Specialty: Thoracic & Cardiac Surgery
Title: Chief of Thoracic Surgery
Hospital: Westchester Medical Center, the flagship of the Westchester Medical Center Health Network
Immediately after completing her fellowship in surgical oncology at Memorial Sloan Kettering and a cardiothoracic residency at the University of Wisconsin, Tracey Weigel, MD, was given the opportunity to build a brand-new, minimally invasive thoracic surgery program at the University of Pittsburgh. Weigel jumped at the chance to create the pioneering program. “I joined my dear friend and colleague Jim Luketich, and, along with our colleagues, we built one of the busiest minimally invasive thoracic surgery practices in the USA, focusing on minimally invasive surgery for thoracic malignancies and complex benign esophageal problems,” Weigel says. “We worked hard to develop new techniques to perform minimally invasive surgery for both esophageal and lung cancer.”
In 2016, Weigel joined WMC as Chief of Thoracic Surgery. In her newest role, she is still a pioneer in her field, creating a thriving robotic oncology program at WMC devoted to caring for the highest acuity and most complex patients in the country.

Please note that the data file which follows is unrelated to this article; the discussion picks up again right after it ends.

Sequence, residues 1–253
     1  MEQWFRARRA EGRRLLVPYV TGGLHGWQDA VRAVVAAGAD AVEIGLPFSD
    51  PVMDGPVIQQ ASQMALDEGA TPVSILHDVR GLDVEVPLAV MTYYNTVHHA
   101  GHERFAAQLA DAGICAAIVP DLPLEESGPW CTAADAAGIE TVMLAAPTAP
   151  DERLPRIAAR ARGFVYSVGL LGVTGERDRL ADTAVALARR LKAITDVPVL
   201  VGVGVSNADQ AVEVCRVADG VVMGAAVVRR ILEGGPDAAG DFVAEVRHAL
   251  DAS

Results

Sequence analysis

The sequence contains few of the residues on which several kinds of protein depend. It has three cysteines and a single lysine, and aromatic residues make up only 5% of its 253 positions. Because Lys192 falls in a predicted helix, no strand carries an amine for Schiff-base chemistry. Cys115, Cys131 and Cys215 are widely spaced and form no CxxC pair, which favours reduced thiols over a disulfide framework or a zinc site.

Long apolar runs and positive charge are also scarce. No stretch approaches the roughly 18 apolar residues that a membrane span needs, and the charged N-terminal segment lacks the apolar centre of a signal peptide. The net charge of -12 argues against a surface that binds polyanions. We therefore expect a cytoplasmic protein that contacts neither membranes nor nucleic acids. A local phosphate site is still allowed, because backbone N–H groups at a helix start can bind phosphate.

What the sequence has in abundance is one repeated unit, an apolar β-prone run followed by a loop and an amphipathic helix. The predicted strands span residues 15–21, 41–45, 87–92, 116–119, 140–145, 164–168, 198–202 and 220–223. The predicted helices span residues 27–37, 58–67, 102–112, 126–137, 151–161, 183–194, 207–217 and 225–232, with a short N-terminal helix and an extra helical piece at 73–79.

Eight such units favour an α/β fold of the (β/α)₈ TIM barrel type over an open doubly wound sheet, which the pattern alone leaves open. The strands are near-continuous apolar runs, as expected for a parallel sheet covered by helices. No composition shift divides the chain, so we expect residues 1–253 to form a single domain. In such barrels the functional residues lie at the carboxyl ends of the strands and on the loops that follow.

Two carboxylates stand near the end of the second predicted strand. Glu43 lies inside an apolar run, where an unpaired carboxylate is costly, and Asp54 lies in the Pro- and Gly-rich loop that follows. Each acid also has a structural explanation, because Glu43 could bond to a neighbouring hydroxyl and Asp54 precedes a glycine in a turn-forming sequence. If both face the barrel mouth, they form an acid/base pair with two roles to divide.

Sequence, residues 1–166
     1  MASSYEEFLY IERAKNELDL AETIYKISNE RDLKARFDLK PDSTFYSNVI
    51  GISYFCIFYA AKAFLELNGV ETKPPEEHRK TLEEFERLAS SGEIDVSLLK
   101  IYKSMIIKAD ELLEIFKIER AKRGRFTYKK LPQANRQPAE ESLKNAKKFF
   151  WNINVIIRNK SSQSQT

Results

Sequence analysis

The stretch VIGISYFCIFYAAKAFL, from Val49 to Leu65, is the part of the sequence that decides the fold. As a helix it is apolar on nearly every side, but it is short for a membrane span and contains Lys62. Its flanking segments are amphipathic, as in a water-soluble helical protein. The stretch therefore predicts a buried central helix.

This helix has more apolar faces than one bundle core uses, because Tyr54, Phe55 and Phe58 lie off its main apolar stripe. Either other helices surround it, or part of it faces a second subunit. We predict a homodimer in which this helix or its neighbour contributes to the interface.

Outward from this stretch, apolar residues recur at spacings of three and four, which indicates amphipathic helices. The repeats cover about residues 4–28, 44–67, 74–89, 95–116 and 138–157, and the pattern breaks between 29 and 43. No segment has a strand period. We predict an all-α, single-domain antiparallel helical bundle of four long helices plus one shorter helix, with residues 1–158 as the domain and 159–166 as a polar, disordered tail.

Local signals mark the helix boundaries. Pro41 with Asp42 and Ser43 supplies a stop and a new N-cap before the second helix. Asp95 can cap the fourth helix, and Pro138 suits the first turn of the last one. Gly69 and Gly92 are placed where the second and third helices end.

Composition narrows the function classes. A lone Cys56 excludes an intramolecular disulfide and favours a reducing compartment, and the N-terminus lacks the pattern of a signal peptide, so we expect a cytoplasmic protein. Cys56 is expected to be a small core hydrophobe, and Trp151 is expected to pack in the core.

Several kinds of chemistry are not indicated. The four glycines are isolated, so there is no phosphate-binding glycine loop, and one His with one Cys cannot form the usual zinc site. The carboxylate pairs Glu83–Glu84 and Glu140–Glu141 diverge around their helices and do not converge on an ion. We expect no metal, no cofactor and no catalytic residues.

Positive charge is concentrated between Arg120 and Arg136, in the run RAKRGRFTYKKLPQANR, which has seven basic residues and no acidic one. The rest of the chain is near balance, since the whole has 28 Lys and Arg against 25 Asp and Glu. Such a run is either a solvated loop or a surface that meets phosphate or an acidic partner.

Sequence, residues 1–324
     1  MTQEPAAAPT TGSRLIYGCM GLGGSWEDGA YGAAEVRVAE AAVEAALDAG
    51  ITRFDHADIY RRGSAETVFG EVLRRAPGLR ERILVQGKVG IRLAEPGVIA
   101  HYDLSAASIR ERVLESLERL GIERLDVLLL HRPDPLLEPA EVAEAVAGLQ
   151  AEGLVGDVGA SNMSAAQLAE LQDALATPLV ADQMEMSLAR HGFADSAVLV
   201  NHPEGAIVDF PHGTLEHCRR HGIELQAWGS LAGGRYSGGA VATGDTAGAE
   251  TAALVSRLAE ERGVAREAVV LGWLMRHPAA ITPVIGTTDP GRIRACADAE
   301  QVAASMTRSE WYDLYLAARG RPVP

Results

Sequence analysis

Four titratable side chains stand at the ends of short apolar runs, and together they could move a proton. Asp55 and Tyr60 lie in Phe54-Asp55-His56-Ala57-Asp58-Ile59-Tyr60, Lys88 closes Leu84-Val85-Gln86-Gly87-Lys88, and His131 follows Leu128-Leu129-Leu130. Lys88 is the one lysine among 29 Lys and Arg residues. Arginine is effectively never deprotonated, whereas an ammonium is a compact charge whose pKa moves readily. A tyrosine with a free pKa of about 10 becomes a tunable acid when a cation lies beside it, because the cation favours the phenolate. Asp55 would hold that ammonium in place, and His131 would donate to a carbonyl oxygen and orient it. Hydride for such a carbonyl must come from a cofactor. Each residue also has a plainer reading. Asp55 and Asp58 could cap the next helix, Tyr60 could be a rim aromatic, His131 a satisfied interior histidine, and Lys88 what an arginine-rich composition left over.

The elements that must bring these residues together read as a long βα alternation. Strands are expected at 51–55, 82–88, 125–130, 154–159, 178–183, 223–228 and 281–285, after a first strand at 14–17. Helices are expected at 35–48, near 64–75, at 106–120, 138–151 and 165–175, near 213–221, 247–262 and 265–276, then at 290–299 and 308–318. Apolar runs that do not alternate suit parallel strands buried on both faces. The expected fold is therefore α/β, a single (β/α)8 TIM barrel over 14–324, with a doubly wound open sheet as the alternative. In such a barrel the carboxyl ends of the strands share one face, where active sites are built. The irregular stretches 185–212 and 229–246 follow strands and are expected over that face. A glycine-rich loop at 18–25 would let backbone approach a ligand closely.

Why is the new robotic oncology program such a big deal for cancer patients in Westchester?
The most meaningful recent work I’ve done has been to help develop the robotic thoracic oncology and foregut programs here at WMC. The robot’s highly specialized instrumentation and new energy and fluorescence technologies enable us to perform more complex robotic procedures with increased precision on more individuals.
We now routinely perform robotic lung, esophageal, gastric, adrenal, and mediastinal robotic surgeries for benign and malignant diseases and conditions. Our robotic surgery volume at WMC has increased tremendously since the program’s inception and a second state-of-the-art robot will arrive at the medical center in the near future.
What innovations are you most excited about using in your practice today?
Some of the most exciting advances in thoracic surgery have been the universal acceptance of low-dose CT screening for early detection of lung cancer and the advances in minimally invasive surgery techniques, including robotics, that allow more patients to be candidates for curative thoracic surgeries.
Can you share any real-life examples of when the robot allowed you to save a life?
One of my most memorable cases involved resecting an 85-year-old man’s esophageal cancer robotically, when three years previously he had been told he was “too old” for surgery. The surgery was a success and I heard from the same patient just recently. He is doing well and remains free of cancer!
Are open surgeries becoming a thing of the past?
I do believe traditional open elective surgery is rapidly becoming historical; nearly 98 percent of surgeries I perform are done minimally invasively and most robotically.